by Jeff Skinner
1. Both Ryder Cup Captains displayed class, dignity and sportsmanship all week. Davis and Ollie should be commended for trying to take the “War at the Shore” attitude out of the proceedings. But Ollie missed a chance at another “Concession” moment. He should have had Molinari concede Tiger’s putt on the eighteenth and settle for a 14-14 tie.
2. Credit Molinari with wanting to give Tiger the hole on the eighteenth fairway. Unfortunately, he was told to continue to play on. A bad call by the European team.
3. In the spirit of sportsmanship and just appreciating good play, Phil Mickelson applauded his opponent, Justin Rose, as Rose made some amazing shots on Sunday. However, I think Phil thought the U.S. was in a can’t lose situation. We know how that turned out.
4. The American rookies made a big splash early on. The four of them earned eight points during the team matches but on Sunday they spit the bit. Only Jason Dufner won his singles match as Keegan Bradley, Brandt Snedeker and Webb Simpson folded under the Sunday pressure.
5. Take all the shots you want at Davis Love but this was the captain that put his team out on Sunday with a four point lead. The players blew it, not Love.
6. Ian Poulter is the most exciting Ryder Cup player of this generation. Since the merging of Europe with the Great Britain and Ireland squad Colin Montgomerie crafted an amazing record cup record and Seve Ballesteros single-handedly made the Ryder Cup relevant but Ian Poulter is the heart of the present day Ryder Cup. No one is as exciting as Poults when it comes to the Ryder Cup.
7. We were all witness to a cultural change in the world of golf. Bubba Watson may have ushered in a new era in golf as he revved up the fans and teed off with them yelling at full throttle. Poulter followed his lead the next day and it probably won’t be the last we see if it. And as a positive side-effect we won’t be able to hear that brainless “In the hole” scream every time.
8. Yes, Tiger Woods is the greatest golfer of his generation. But as we know he’s not perfect. And one of his golfing faults is Foursomes. He can’t play alternate shot, never can, never will. His record is a dismal 4-8-1 in the Ryder Cup and the next captain should sit him during foursomes.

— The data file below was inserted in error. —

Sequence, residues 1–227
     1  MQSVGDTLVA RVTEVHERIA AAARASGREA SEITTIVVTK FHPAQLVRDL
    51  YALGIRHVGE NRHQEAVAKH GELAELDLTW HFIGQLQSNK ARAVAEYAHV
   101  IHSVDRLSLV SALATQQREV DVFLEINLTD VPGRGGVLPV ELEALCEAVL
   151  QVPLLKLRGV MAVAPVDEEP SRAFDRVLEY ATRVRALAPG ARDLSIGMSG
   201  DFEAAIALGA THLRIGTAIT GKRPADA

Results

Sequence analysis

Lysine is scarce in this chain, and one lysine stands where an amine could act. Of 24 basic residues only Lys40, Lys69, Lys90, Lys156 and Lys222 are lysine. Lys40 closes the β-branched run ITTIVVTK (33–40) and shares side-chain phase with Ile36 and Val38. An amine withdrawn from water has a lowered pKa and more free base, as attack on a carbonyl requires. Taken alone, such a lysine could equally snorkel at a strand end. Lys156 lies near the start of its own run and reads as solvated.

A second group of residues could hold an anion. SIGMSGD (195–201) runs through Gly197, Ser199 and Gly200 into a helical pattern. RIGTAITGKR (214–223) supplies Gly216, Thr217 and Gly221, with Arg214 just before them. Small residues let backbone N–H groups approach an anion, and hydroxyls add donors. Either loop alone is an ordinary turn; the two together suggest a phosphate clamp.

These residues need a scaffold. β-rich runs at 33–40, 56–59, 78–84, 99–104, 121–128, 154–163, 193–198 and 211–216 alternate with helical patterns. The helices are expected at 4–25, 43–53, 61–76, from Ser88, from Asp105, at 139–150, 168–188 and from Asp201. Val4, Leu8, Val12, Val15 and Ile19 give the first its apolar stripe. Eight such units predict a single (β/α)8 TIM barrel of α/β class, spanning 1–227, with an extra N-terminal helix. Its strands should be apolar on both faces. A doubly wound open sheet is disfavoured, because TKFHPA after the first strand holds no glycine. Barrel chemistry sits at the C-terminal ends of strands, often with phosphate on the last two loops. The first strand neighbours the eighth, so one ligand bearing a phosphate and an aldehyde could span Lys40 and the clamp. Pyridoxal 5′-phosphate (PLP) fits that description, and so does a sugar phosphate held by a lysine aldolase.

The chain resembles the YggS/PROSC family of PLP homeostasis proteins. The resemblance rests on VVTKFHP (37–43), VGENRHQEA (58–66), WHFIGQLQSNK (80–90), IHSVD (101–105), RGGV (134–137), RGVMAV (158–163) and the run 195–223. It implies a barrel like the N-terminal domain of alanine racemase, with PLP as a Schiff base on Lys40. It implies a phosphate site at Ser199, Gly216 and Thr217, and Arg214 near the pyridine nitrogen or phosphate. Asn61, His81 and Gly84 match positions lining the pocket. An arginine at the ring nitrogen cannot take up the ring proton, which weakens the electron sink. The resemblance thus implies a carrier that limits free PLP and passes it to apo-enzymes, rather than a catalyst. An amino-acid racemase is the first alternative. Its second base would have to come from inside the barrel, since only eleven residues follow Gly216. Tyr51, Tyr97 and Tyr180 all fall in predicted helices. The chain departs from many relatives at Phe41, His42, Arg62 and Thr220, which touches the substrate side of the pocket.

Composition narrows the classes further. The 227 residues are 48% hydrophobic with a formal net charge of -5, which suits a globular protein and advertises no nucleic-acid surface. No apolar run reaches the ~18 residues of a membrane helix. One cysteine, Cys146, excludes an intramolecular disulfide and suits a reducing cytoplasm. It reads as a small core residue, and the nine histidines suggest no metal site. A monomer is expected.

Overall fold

9. We may have seen the end of an era this past week. Steve Stricker and Jim Furyk needed two captains picks to be on this year’s team. It’s going to take some great play over the next two years to get back on the team in 2014. It will be a shame if these two fine sportsman finish their Ryder Cup career with such a poor finish.
10. The American Team looked unstoppable until late Saturday afternoon. It was a difficult day for the Americans on Sunday and one word describes it, a la Johnny Miller, “Choke.”
11. While the European Team made their great run early on Sunday as they claimed the first five singles matches the seeds of their comeback were planted on Saturday afternoon when Luke Donald and Ian Poulter single handedly put a beat down on the Americans.
12. If the CSI units from Chicago are looking for the scene of the crime at Medinah they need to start at the 17th and 18th holes. Webb Simpson and Phil Mickelson went into 17 all square and lost both holes. Jim Furyk went into 17 with a 1 up lead and lost both holes. Steve Stricker had it to all square at 17 and then lost 17 and his tie on 18 gave Europe the match. There’s plenty of American blood spilled over those two holes.
13. So Rory McIlroy shows up ten minutes before his tee time and waxes Keegan Bradley 2&1. Rory looked like he was playing a round with his mates with a pint on the line while Keegan looked like a dear in the headlights. So much for all that warm up stuff.
14. The American team had four rookies and for the most part they carried the day early on. Some veteran players failed to carry their weight. The next captain should take a lesson: it’s time for a younger team at the cup.
15. It was a an amazing week at the Ryder Cup and while many American fans will cry about the loss we should all revel in the fact that this competition was just that, competitive. We saw two teams putting it all out there in a dignified way. Since 1979 when all of Europe was included on the team, the Americans have won seven times, Europe has nine wins and there was one tie. That’s pretty competitive.